Boeing has lost a laptop containing the Social Security numbers, names and home addresses of 382,000 current and former employees. The laptop was stolen in early December from an employee's car, the company admitted.

The theft pushes the tally of US data breach victims past the 100 million mark. Since California passed a law obliging companies to make public any loss of personal data, there have been 100,152,801 victims said Beth Givens, director of consumer advocacy group Privacy Rights Clearinghouse.

Privacy Rights Clearinghouse has been tracking data breaches since February 2005, when ChoicePoint disclosed that thieves had stolen information on 163,000 victims from the company's database.

The ChoicePoint incident was remarkable because although the data broker was obligated to disclose the theft to victims living in California - the only state with a breach notification law on the books - it decided to notify everyone, Givens said. "That was the first time, to the best of our knowledge, that a breached entity decided to disclose the event to individuals nationwide," she said.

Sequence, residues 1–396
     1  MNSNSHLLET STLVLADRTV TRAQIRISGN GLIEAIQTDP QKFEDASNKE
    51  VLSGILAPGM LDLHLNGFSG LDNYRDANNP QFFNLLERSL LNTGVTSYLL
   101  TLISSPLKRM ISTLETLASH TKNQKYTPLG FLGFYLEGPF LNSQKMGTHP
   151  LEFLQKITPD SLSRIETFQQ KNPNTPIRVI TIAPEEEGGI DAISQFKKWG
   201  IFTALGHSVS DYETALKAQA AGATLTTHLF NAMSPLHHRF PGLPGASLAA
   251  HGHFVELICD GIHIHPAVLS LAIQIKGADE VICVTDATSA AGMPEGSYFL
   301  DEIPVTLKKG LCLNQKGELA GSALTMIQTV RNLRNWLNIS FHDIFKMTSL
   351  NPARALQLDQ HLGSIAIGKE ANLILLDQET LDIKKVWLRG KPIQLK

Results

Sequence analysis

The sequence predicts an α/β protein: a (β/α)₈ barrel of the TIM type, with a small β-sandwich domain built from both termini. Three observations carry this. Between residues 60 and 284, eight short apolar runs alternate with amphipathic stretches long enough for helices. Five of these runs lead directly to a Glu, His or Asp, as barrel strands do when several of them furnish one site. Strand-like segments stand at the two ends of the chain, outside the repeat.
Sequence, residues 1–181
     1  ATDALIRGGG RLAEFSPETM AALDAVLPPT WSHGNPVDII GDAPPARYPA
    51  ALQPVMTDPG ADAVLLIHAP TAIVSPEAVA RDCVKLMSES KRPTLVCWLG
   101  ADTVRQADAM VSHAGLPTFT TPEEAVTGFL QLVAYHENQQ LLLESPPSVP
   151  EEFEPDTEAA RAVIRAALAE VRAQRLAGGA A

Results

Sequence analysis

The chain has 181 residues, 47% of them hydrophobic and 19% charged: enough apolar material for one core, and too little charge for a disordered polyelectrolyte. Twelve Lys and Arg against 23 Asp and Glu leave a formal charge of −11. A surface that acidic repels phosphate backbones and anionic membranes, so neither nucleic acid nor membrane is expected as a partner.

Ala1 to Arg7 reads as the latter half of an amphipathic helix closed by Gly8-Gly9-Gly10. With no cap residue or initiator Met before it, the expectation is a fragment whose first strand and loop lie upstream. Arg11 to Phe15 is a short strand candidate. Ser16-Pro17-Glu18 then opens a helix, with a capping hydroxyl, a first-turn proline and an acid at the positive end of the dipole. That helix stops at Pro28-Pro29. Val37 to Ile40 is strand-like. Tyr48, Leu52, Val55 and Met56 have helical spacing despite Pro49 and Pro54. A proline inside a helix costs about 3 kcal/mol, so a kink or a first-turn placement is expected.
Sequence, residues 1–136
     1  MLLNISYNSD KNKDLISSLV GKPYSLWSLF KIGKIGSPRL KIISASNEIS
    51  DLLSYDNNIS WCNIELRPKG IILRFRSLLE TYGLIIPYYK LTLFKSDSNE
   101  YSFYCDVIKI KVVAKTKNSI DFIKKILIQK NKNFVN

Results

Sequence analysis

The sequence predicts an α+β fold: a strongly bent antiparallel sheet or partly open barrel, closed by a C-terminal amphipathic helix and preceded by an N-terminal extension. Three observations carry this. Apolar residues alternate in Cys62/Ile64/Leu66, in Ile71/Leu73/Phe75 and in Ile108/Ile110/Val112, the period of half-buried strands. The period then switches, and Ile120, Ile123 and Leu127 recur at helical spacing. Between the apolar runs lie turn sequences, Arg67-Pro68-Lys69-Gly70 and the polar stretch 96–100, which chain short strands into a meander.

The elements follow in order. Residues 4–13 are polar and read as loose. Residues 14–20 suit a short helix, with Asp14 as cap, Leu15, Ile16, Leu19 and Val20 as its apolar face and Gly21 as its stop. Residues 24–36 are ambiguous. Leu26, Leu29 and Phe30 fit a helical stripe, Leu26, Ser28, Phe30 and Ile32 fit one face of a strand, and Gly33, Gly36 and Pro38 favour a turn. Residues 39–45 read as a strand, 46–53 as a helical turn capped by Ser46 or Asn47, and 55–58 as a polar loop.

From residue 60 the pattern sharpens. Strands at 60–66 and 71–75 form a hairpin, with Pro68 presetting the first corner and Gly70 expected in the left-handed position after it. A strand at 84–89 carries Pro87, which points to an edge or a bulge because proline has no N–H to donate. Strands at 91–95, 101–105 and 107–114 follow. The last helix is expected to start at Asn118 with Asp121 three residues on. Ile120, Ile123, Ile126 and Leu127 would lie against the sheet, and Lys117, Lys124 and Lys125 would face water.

"That was a watershed event," she added, "because other entities that had experienced breaches started disclosing the situation to individuals nationwide."

Since the ChoicePoint incident, data security has been in the spotlight, and breaches at the USDepartment of Veteran's Affairs and, most recently, Boeing and the University of California, Los Angeles, have received national attention.

Givens believes that the actual number of names that have been compromised since ChoicePoint is probably much higher than her tally. "I think the number 100 million is largely a fictional number, but what it really indicates is that this is a very significant problem," she said.

She couldn't say whether all the publicity has made consumers any more secure. "It's quite obvious from the listing that we've compiled that we're in a very leaky boat when it comes to data security," she said. "I don't think that consumers can feel confident about the protection that their personal information receives."